Ravens Ray Lewis questioned about alleged deer-antler spray use 

click to enlarge Ray Lewis responds to questions during Super Bowl XLVII Media Day on Monday. - MICHAEL HEIMAN/GETT IMAGES
  • Michael Heiman/Gett Images
  • Ray Lewis responds to questions during Super Bowl XLVII Media Day on Monday.

NEW ORLEANS — Ray Lewis’ “last ride” hit a bump in the road Tuesday. The Baltimore Ravens linebacker was forced to answer questions about alleged use of deer-antler spray, which contains the banned substance IGF-1, during Super Bowl Media Day after a report by Sports Illustrated hit the Internet.

The report claims Lewis contacted the company Sports with Alternatives to Steroids (S.W.A.T.S.) to help him recover from his torn triceps injury he suffered Oct. 14, and deer-antler spray was part of what was recommended.

“Two years ago that was the same report,” said Lewis, who has said he will retire after the Super Bowl. “I wouldn’t give that report or him any of my press. He’s not worthy of that.”

IGF-1, described in the SI article as “a naturally produced hormone which stimulates muscle growth,” is banned by the NFL and all other major sports organizations.

For his part, Baltimore coach John Harbaugh is sticking with what the test results have produced.

“My understanding is Ray has passed every random substance test that he’s taken throughout the course of his whole career,” Harbaugh said. “So there’s never been a test that has shown up anything along those lines.”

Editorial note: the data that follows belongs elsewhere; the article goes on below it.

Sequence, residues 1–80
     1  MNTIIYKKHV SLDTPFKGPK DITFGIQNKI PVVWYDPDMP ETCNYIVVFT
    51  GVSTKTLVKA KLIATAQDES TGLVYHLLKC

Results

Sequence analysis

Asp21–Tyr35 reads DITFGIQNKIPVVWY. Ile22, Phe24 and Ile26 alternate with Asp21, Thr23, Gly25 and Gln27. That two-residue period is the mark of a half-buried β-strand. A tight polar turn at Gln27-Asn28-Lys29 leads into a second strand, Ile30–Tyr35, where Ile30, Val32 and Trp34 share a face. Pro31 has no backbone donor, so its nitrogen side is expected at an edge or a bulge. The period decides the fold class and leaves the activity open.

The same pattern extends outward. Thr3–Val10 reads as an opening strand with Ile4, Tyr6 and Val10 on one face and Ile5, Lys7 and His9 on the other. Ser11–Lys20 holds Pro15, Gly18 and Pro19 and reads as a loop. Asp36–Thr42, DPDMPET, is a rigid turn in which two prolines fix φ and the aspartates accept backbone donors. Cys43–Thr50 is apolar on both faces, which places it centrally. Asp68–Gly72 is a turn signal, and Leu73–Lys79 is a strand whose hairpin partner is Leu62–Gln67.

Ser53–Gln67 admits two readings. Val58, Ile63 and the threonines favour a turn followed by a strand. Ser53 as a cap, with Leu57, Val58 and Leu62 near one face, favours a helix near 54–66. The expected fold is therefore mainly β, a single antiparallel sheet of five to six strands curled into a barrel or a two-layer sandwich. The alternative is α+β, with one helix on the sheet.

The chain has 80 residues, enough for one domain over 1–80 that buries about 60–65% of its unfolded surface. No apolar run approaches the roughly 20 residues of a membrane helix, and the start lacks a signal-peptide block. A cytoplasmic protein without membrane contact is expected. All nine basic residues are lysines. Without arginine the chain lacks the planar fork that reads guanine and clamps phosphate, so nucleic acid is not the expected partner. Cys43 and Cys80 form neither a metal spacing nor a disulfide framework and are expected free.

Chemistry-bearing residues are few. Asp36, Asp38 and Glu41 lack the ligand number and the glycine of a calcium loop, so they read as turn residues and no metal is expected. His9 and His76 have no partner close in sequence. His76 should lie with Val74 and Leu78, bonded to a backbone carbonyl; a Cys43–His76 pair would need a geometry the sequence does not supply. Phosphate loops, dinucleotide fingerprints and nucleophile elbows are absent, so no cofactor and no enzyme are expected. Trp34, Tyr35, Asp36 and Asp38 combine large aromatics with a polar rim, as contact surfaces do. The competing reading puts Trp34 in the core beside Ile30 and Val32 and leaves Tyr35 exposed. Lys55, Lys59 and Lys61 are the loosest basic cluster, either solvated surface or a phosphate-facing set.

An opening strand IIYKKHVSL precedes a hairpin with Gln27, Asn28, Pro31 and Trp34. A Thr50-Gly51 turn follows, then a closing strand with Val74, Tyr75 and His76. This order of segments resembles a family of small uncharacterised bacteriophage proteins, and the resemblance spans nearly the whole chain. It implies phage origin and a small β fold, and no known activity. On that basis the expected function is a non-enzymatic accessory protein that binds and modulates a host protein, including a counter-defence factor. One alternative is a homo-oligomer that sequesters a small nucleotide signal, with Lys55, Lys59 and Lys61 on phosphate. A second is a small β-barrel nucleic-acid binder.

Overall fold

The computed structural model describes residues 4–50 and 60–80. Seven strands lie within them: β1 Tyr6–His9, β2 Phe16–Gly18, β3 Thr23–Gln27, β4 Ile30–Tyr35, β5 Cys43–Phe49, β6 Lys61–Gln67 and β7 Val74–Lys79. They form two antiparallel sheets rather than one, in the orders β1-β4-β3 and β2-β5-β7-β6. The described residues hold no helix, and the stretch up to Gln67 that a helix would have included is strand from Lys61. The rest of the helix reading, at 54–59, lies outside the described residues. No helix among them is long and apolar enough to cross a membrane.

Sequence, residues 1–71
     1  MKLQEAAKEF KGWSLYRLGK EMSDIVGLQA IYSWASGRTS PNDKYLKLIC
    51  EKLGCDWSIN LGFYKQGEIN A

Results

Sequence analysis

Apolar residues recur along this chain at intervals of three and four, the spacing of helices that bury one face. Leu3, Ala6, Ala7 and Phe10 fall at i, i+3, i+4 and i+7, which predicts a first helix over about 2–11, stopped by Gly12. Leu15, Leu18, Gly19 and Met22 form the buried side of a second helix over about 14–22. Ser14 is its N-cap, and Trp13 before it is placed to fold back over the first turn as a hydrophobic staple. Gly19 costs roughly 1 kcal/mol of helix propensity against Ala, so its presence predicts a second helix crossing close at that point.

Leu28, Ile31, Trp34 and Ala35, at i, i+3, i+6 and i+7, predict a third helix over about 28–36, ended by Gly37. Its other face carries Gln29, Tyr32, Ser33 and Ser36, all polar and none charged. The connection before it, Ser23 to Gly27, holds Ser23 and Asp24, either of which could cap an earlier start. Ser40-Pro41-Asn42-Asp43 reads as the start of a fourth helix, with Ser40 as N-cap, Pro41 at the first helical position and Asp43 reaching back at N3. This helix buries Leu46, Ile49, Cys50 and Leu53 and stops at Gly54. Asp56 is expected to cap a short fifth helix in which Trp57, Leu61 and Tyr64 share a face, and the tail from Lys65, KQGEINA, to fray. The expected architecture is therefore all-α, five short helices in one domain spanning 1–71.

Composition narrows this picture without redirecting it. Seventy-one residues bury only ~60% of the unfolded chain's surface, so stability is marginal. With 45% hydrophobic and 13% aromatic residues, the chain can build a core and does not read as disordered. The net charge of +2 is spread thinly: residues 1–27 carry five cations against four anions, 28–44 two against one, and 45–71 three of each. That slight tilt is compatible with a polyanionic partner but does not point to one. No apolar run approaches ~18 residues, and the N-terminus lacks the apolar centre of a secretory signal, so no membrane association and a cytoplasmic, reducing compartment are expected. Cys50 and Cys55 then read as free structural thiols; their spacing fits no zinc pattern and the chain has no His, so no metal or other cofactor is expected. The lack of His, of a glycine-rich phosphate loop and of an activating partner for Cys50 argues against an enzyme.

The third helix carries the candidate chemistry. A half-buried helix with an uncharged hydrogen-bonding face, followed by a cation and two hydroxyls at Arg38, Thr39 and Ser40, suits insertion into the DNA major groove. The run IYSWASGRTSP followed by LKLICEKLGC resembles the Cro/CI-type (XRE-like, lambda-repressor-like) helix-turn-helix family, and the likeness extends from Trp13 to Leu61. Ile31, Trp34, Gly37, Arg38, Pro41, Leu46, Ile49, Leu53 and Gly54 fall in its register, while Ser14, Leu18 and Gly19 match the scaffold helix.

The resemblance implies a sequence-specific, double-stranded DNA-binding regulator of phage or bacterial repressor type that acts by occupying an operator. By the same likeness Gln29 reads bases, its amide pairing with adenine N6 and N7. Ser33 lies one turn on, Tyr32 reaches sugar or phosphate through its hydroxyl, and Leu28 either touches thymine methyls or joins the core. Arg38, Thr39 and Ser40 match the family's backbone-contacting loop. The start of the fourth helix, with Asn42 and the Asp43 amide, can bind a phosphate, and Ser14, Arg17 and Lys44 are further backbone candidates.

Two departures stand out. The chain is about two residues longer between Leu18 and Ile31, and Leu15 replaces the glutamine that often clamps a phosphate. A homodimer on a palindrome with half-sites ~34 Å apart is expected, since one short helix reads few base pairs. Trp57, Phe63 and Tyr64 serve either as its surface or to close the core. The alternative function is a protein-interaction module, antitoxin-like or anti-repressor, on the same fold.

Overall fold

Too much heat: Niners QB Colin Kaepernick can rifle a ball with the best of them in the NFL. Receiver Michael Crabtree admits some teammates even will even try to wiggle their way out of having to reel in a Kaepernick fastball in practice. “When we are doing individuals with the quarterback and the receiver, guys go to the back of the line when it’s Kaepernick time,” Crabtree said. “They try to time it out so that if Kaepernick is third, they want to go fourth. It’s a lot of heat coming.”

Tough pill to swallow: A year ago, Mario Manningham made arguably the catch that propelled the New York Giants past the New England Patriots in the Super Bowl. This year, however, the Niners wide out is forced to watch from the sideline after he suffered a torn ACL and PCL in San Francisco’s Dec. 25 loss to the Seattle Seahawks. “This is different for me right now,” said Manningham, who was wearing a bulky knee brace during Media Day. “I’m not down, I just wish I could help my team. You’re never down.”

Moving on: While Michael Oher has been a fixture along the Ravens offensive line for four seasons, he is still probably best known for his life being depicted in the hit 2009 movie “The Blind Side.” Sandra Bullock won an Oscar for best actress in the film, which chronicles Oher’s rough upbringing and eventual rise to NFL prospect. But during Super Bowl week, Oher isn’t too interested in rehashing the past. “I’m tired of the movie,” he said. “I’m here to play football.”

dkruse@sfexaminer.com

The Associated Press contributed to this report.

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Dylan Kruse

Dylan Kruse

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